A bill that includes a provision banning transgender athletes from participating in women’s and girls’ sports was moved to the Governor’s desk Friday.
DeSantis has until June 12 to sign or veto the bill.
The much-talked-about ban on transgender athletes came back from the presumed dead this Session in the form of a last-minute amendment tacked onto a bill that makes changes to charter schools, Senate Bill 1028. That bill is what’s sitting on Gov. Ron DeSantis’ desk.
DeSantis, in a Fox News interview in April, said he would sign the ban.
But LGBTQ advocacy groups, who strongly opposed the Legislation this Session, are still pleading with the Governor to reconsider.
“Today, the cruel transgender youth sports ban has been sent to the Governor and he has yet to meet with transgender youth or the families affected by this dangerous and unnecessary attack,” Jon Harris Maurer, public policy director of Equality Florida, said in a written statement Friday. “It is not too late to signal that Florida is a state that is open for all, including our state’s most at-risk youth.”
Harris Maurer ended his statement by calling on Gov. DeSantis to meet with transgender athletes.
Equality Florida attempted to schedule meetings with lawmakers and transgender youth during Session, but Harris Maurer said several lawmakers who supported the legislation would take the meetings only after they had already voted.
The strategy follows that of LGBTQ advocacy groups in other states that have had similar legislation. The Governor of Arkansas, Asa Hutchinson, did meet with transgender youth, and after that meeting vetoed the Arkansas bill citing government overreach, but the Arkansas Legislature overrode the veto.
Overall, Republican legislatures in more than 20 states have brought legislation to ban or limit transgender athletes. Besides Arkansas, the laws have been signed in Alabama, Idaho, Mississippi, Tennessee and West Virginia. South Dakota’s Governor issued an executive order in the same vein.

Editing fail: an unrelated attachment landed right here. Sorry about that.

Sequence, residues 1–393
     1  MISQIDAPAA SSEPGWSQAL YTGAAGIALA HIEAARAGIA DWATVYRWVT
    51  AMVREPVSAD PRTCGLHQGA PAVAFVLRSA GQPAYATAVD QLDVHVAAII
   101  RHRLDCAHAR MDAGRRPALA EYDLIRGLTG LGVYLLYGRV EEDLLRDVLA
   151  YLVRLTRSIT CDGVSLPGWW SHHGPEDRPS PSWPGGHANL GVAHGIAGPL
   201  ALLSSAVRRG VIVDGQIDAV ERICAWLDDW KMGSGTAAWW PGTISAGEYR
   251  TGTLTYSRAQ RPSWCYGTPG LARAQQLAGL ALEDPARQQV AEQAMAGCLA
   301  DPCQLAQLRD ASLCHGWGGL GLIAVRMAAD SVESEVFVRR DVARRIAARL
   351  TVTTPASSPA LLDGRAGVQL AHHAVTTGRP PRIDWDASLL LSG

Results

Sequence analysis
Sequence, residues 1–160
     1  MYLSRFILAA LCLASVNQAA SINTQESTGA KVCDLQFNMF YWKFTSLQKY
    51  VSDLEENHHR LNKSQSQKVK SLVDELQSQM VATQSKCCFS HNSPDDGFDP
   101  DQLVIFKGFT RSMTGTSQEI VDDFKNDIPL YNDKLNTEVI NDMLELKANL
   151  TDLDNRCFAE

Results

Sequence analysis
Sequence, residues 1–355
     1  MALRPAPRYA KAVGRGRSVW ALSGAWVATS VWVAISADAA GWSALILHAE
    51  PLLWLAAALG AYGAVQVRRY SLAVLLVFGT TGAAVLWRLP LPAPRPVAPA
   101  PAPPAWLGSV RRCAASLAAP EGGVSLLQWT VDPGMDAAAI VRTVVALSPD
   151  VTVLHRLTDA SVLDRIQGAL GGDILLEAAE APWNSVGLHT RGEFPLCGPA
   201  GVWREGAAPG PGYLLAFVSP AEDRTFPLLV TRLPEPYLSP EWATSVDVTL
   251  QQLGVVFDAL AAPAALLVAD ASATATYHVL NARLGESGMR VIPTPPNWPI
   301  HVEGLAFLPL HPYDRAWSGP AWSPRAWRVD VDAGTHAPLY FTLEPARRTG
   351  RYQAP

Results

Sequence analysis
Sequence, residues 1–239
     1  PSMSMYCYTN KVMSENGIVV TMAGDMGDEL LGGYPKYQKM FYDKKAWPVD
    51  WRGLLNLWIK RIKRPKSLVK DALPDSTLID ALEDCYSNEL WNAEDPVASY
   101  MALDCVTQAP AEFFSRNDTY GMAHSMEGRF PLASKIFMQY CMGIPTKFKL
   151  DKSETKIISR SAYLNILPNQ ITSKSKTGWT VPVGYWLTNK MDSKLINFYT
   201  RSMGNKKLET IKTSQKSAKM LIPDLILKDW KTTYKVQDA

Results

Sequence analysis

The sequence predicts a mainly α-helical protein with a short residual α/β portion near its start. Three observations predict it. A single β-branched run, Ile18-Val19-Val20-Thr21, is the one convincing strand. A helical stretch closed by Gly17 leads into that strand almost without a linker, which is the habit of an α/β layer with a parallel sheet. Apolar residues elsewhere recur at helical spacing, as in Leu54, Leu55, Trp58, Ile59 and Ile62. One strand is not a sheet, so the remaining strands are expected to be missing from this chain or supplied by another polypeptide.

Florida’s pocketbook could also be hanging in the balance. Statements from the NCAA indicated the collegiate sports organization could keep its lucrative championships out of Florida’s stadiums if the ban is passed.
The NCAA has taken similar action before. The athletic association moved a championship out of North Carolina in 2016 after that state restricted bathroom access for transgender people.
“When determining where championships are held, NCAA policy directs that only locations where hosts can commit to providing an environment that is safe, healthy and free of discrimination should be selected,” the NCAA Board of Governors wrote in a memo.
Court challenges in other states, so far, have not had any definitive outcomes on the issue.
A U.S. appeals court in Idaho is considering that state’s ban on transgender athletes, but the judge, at a hearing in early May, focused at one point on whether the case was still relevant because one of the plaintiffs, Lindsay Hecox, had dropped out of Boise State University after failing to qualify for the women’s cross country team. Her attorney said Hecox planned to return in the fall and try out for the team again.
It’s possible the court could rule the case is no longer relevant and dismiss it without ruling on its merits, which is what happened to a similar case in Connecticut. In that case a federal judge dismissed a lawsuit that sought to prevent transgender athletes from competing in high school girls’ sports. The lawsuit, brought by two cisgender women who had lost track competitions to two transgender women, was dismissed on procedural grounds. The judge said because all of the athletes had graduated, there was no dispute to resolve.
Arguments on both sides centered around Title IX, a federal law that requires equal opportunities for women and girls in education, including sports.
Supporters of the ban say transgender girls and women have an unfair advantage, which violates the rights of cisgender women under Title IX.
People who oppose the ban say, under Title IX, the rights of transgender women are being denied.
President Joe Biden, on Inauguration Day, signed an executive order that upheld the arguments in the Connecticut case that said the ban denies the rights of transgender women under Title IX.